Leh city will offer you beautiful places which are more of a treat – Leh Palace, throws up a panoramic view of the city, Shanti Stupa, Central Asian Museum to see the original silk route, unique artefacts and watching Stok, Zanskar, Karkoram rangefrom the top floor of this gallery which finally opens up to a beautiful set up Ladakhi Kitchen etc. It also has in the same vicinity the oldest mosque of Leh, beautiful memorial near Airport (a must for all), with repository of all information on wars fought in Leh, proud award winners, very proud to see our Jammu’s pride Hony. Captain Bana Singh ji’s photo under PVC winners,live Models of equipment,weaponary,rugsacks used, dresses worn at unbearable altitiudes of Siachen, Maps, photos, history, War Trenches etccaptured under one roof. Major monasteries one shall not miss out – Hemis, Shey, Thiksay, Stakna, Likeer, Lamayuru, Spituk, Disket, Chemre as many of them you would find it on main highway so easily accessible on your routine itinerary.
Leh also provides you with very decent eating places, I was actually enthralled to see that too sumptuous with reasonable rates and variety, decent ambience, few to name – The Tibetan Kitchen, Summer Harvest, La pizzata, Gizmo etc.
Apart from this, Leh provides places with background culture of reading, which I am personally fond of, many decent localcoffee houses serving you with plethora of books (huge collection I can certainly vouch for) where I could see people (foreigners are good in number) throng for a cup of cappicino with cookies and of course books. They offer you BSNL WiFi facility which works as good as your wife listens to you. One Biannual journal “Heritage Himalayas” locally designed, written but printed from outside, appealed me a lot which covers & talks about all original silk route areas in depth covering latest happenings around, One published in first half of the 2017 covers Baltistan / Hunza valley. This area is really devoid of Voice and data Mobile and even Land Line connectivity. I was lucky to use a good connection inside a Defence cantonment (where we stayed through out, ahead of Leh). We must do something to enhance our Data connectivity as there is humongous scope in these areas, however,P and L viability would remain an issue because areas opens only for five months.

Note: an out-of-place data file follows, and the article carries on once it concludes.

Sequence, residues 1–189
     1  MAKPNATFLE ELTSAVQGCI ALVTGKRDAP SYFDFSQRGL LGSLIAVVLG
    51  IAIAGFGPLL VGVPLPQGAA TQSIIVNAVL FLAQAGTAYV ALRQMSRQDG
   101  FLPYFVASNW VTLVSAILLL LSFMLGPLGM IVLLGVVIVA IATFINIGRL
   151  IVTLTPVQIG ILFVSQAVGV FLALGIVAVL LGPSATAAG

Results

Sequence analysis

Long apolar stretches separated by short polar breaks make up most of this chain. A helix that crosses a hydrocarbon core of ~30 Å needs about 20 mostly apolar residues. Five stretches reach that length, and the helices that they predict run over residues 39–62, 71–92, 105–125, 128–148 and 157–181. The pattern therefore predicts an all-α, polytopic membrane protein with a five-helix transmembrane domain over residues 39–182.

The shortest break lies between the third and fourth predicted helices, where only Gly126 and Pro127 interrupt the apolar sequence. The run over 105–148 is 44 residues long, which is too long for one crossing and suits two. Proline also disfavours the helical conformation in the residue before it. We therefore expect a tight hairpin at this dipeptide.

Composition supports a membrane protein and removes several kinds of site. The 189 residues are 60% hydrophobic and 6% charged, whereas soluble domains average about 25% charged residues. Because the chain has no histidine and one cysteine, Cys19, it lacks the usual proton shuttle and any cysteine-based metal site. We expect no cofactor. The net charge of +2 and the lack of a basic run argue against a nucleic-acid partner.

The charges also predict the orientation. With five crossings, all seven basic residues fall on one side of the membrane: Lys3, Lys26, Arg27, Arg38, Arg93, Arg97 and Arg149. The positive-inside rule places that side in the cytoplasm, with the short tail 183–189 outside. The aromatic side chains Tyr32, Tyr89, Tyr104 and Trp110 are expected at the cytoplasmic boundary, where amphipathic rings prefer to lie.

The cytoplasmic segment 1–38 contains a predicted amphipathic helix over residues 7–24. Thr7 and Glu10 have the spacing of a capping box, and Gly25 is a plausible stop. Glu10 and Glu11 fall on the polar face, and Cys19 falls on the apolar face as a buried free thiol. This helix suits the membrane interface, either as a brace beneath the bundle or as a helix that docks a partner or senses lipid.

Local market is quite an attraction for the tourists who could have hands on to local made Pasmina shawls etcmade of finest fibre a goat (Capra Hircus) from nomadic land,Changthang of Ladakh region at an altitude of 14000 – 18000 feets, Yak wool jackets, different sculptors, Musical instruments, meditation bowls, wheel, trumpets made up of alloys, Brass, Bronze, stones, local embroidered T shirts, Apricots, Black berries, apricot oil, medicinal herbs etc and what not, are in thing at Leh, so shop till you drop !!
A must visit to atleast two places upcountry – Nubra Valley (with 2ndhighest motorableKhardungla pass) and PangongTso (with third highest motorableChangla Pass) and if you have couple of more days with you, Tsomoriri, Zanskar and exit Leh through Manali road, shall be your next pick but be ready for a thorough adventure as these are very rough terrain areas with little comfort of stay over night but you have to, because it’s a not a day’s journey.
In all, you require minimum 15 + days to cover an extensive tour of Ladakh and kargil and since most of us donot have that much of Luxury so try making it up in two consecutive years and go hogging places left out this season, as I intend to do, God willingly in 2018!!.